It’s once again the season for catchy slogans and smart spins, and the BJP, the master storyteller of our times, has seemingly taken a clear lead in this election campaign – at least in coining out-of-the-box slogans.
There is an unmissable comedown in the amount of positivity reflected in their slogans though: from 2014’s “Sabka Saath, Sabka Vikas” to “Achhe din aane waale hain!” it has now come down to “Main Bhi Chowkidar”. Clearly, the ruling party now has humbler expectations about itself, and even of the country.
For the BJP, governance is about successful marketing. Indeed, even the life of the nation is about marketing and public relations, for the Indian right-wing. Success or failure of something is defined on the basis of how it is perceived by others, its symbolic value, not associated with its innate utility. Reduction of violence from the Kashmir valley, an innate value of a successful Kashmir policy, is not what defines as success for the BJP, but the majority perception in India of being a strong-willed government in Kashmir is what is important to them. Peace and normalcy are desirable but in a world of high-pitched hyper-nationalist rhetoric and dizzying claims about power and glory, peace has little utility – the utility of military exploits of political problems trumps them.
Consider the right-wing spokespersons agonising over the criticism of the ‘career-critics’ in India painting the country in bad light. I often get earnest entreaties from my ‘well-meaning’ right-wing acquaintances to stop maligning the country: “I do understand that we are not perfect but if you criticise about the country in public what will others think of us? We must put up a good image of the country”, they argue. The argument comes directly from the right-wing’s world of made-up realities and perception battles. That “I critique to make things better” is not an argument they find acceptable.
Let’s revert to the great Chowkidar movement in the country. Needless to say that this is the day-light appropriation of someone’s pain for the ruling party’s electoral gain. From Chaiwala to Pakora wala to now Chowkidar, the appropriation is near complete.
The attempt, on the one hand, is to divert attention from the major failures of the government, and to deny the opposition any political tools to reach out the masses, on the other. Corruption-free India, development, clean India, the valour of the Indian armed forces, chaiwalas, pakora walas and now Chowkidars – they all belong to the BJP. What’s left for the opposition, I wonder.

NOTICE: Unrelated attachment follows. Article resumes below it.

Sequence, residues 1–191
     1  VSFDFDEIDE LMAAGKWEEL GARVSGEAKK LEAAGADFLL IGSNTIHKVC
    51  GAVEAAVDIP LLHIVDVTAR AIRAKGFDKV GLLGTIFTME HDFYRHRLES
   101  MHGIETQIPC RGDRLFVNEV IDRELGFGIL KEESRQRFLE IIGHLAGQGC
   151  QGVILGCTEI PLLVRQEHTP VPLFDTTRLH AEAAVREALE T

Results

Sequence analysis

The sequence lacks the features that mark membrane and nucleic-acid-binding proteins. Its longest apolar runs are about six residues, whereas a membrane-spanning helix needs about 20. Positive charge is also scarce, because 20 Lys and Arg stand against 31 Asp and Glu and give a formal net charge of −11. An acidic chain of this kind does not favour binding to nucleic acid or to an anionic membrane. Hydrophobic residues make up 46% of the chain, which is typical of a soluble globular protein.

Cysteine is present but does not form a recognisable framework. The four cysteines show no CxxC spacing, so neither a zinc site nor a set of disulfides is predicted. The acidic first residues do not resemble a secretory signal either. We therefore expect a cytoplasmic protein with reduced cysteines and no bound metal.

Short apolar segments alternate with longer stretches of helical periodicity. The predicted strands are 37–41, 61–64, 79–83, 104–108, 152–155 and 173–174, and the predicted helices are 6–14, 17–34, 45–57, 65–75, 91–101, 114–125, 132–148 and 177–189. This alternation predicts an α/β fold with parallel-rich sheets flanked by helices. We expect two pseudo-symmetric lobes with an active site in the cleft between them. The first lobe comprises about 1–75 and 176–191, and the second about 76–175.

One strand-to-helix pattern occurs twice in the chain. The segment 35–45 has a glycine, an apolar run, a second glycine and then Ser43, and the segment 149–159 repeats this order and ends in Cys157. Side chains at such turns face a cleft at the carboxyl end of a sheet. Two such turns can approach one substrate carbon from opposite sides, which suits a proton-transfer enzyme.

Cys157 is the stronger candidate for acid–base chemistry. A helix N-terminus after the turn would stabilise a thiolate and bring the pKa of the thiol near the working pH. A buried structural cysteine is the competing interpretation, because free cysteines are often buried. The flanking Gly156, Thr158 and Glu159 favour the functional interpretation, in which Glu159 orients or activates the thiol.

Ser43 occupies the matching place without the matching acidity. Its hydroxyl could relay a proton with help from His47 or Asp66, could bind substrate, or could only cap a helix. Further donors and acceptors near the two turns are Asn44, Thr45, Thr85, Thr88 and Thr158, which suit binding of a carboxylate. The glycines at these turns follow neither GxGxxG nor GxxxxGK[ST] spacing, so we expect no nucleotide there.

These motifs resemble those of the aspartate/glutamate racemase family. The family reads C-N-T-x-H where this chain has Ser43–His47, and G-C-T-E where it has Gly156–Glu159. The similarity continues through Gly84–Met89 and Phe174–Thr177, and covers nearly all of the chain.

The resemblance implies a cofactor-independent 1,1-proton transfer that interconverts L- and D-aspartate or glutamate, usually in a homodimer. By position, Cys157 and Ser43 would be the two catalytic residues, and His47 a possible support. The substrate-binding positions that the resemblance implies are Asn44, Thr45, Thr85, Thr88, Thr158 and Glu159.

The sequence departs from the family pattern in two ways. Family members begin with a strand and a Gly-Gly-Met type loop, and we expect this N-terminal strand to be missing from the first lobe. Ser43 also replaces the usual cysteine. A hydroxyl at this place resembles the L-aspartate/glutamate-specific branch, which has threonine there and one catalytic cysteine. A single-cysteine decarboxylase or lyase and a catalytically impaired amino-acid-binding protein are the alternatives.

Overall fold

Of course, I would personally say that I am not a Chowkidar. I might as well have a house in the colony and get a better job. But then that’s not the point, right?
More so, there is no taking away from the fact that the sharp difference between the cosy, privileged world of twitter chowkidars (a fast growing tribe now) and the merciless world of real chowkidars is also reflective of the mismatch between BJP’s rhetorical claims and the realities of the real world. The former live in a make-belief world living off the latter, and the latter live in the real world with even their job title taken away in the election season. Would the twitter chowkidars drop their new job title post-elections?!
Should we even agonise over the hollowness and gimmickry of the ‘Main Bhi Chowkidar’ campaign? What about the ones who got away while the Chowkidar was asleep? What about the manner in which the country’s institutions that should do the real Chowkidari were compromised – The Supreme Court (according to the SC judges themselves), CBI etc. etc.? so are we now going to privilege individuals over institutions?
But who cares for institutions in our country (well not just in our country, it’s now a global phenomenon), it’s the carefully constructed narratives and PR campaigns that win elections for you, not the genuine issues reflecting the realities of the ground.
What makes it worse is that in the face of such a blitzkrieg of carefully choreographed and calibrated PR campaigns, the opposition seems to be lagging behind. Not only that they are unable to keep pace with the scope of the campaign, but even more importantly, they don’t even seem to have a sound counter-narrative.
There are indeed bits and pieces of that but not a coherent and forceful counter-narrative. The election may or may not throw BJP back at us, but as of now the BJP is willing the war of perceptions.
Let me end with one final thought about the chowkidar movement. What explains the change in the BJP’s slogan from Achhe din to chowkidar? Considering that Achhe din symbolised hope and optimism, and chowkidar signifies the opposite of that (fear of someone, lack of hope, the need to use strong arm tactics etc.), is there a larger message in this change of slogans? Put differently, does the shift from “Achhe din aane waale hain!” in 2014, to “Main Bhi Chowkidar” in 2019 also indicate an understated shift from “hope” to “hopelessness” and to “fear”?!
(Happymon Jacob teaches at JNU and is the author of “Line on Fire: Ceasefire Violations and India–Pakistan Escalation Dynamics”, Oxford University Press, 2019).